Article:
Consolidated Edison (NYSE:ED) reported earnings last week, missing on the top line but making up for it on the bottom line. The dividend stock has dropped off 5.7% in the past three months while Mr. Market has reached all-time highs. Let's take a closer look to see whether Consolidated Edison can still pull profits for your portfolio.
Consolidated Edison sales clocked in at $2.82 billion, 1.7% higher than Q2 2012 and just $30 million shy of analysts' expectations. While revenue didn't quite cut it, the utility pulled through with net profits. Analysts had expected adjusted EPS of $0.57, but the company added an extra two cents per share this past quarter. Unfortunately, the earnings beat still falls below 2012's second-quarter adjusted EPS of $0.61.
For a peck of perspective, here's how Consolidated Edison's trailing-12-month sales and adjusted EPS have fared over the past five years (essentially since the bottom of the Great Recession). Sales have slumped off 11%, while profit has fallen almost twice as much, down 21.3%.
Focusing on fundamentals
Although net income beat analyst expectations, Consolidated Edison saw earnings per share drop almost across the board compared with Q2 2012. The biggest dip came from a $0.09 drag on the company's competitive energy businesses. Looking back over the past six months, this generation division's losses are equal to the utility's overall $0.44 seasonally adjusted slump.
Consolidated Edison's unregulated division isn't alone in the dumps. Exelon's (NYSE:EXC) earnings took a dip because of lower-than-expected power prices, and the utility announced an extra $350 million and $400 million reduction off its 2014 and 2015 sales, respectively, as it expects cheap power to persist. Likewise, TECO Energy (UNKNOWN:TE.DL) missed on the bottom line because of cheap coal prices, an energy source that the vertically integrated company relies on along its entire supply chain. With the recent $950 million acquisition of a regulated natural gas utility, TECO seems to be taking its future diversification more seriously.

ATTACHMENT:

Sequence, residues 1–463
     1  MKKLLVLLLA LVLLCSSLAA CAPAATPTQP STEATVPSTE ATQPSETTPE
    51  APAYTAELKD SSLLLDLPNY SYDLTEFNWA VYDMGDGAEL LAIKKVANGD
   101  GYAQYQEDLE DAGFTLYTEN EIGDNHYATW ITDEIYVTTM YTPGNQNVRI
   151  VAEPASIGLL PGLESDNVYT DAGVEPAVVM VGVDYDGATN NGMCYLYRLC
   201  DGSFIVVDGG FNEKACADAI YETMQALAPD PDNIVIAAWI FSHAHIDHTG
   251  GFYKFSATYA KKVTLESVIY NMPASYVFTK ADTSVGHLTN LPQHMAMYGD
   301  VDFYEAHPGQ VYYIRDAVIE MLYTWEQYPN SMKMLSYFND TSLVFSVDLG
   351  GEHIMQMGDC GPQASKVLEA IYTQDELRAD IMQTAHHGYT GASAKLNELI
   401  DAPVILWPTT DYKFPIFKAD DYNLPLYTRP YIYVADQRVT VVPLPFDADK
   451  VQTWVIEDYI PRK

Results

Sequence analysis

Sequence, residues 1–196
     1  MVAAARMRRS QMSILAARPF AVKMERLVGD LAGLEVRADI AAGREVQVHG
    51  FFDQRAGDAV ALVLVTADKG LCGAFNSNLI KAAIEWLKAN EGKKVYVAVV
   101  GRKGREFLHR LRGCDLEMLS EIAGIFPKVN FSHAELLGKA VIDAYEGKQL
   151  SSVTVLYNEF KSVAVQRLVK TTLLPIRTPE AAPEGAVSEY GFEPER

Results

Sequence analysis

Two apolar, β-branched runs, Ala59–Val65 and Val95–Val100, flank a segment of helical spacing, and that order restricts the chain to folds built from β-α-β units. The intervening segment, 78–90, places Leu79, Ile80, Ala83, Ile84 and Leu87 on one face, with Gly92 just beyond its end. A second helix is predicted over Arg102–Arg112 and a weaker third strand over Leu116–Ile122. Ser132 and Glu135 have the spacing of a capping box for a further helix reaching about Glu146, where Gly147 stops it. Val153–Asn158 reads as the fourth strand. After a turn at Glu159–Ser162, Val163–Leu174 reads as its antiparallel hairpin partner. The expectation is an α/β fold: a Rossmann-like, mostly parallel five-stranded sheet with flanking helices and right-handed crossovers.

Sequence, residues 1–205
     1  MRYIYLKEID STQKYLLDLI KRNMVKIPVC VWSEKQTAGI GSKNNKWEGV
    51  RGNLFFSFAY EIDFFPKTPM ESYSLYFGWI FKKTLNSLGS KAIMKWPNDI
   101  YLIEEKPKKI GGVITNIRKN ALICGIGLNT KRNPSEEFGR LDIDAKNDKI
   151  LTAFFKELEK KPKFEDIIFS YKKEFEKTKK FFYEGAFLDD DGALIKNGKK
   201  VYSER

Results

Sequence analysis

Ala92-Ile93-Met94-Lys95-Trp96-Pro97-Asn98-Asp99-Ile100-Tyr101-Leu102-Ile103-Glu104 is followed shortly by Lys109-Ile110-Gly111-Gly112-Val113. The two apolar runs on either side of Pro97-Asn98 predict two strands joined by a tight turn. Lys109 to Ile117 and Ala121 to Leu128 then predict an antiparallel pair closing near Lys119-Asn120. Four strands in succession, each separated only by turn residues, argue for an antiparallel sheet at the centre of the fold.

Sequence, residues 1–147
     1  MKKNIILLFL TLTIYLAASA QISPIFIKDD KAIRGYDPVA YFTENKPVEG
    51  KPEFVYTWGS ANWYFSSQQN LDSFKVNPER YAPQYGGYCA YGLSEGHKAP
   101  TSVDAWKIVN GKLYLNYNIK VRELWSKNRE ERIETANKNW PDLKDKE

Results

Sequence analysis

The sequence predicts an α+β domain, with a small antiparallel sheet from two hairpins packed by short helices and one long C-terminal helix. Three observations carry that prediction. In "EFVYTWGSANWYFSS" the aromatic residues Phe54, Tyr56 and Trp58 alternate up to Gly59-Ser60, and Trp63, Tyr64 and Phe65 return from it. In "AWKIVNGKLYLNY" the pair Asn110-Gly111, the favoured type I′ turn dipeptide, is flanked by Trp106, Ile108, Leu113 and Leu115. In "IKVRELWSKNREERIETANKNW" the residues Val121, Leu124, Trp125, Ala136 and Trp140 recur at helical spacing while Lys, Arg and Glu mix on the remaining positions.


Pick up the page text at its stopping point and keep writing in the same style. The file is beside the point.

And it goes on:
But unfortunately for Consolidated Edison stock, the trouble didn't stop with unregulated assets. The company's regulated utilities saw a $0.04 drop in EPS for Q2 2013 compared with the same quarter last year. Digging deeper, the numbers reveal that taxes took the largest toll on this division's earnings.
It seem Uncle Sam is through giving utilities a break. While Consolidated Edison had to absorb higher depreciation and property taxes this quarter, Entergy (NYSE:ETR) felt its own earnings squeezed by higher income taxes. Entergy has managed to maintain its 2013 earnings guidance, but tax losses are equivalent to around a third of the total value of its expected annual earnings.
Is the price right?
Over the past year, Consolidated Edison stock has lost 5.8% of its value, compared with a 7.8% gain for the Dow Jones U.S. Utilities Index and 23.9% gain for the S&P 500.
The utility currently offers income investors a 4.1% dividend yield with a long history of steadily increasing payouts. With Q2 solidly behind it, Consolidated Edison reaffirmed its full-year forecast range of $3.65 to $3.85 per share. This latest earnings report doesn't bring big news to Consolidated Edison investors, but it does reiterate what many shareholders love to hear: slow and steady. This stock is far from soaring, and it might not even be a market beater, but if you're in it for stable earnings and a dividend drip, Con Ed delivered again.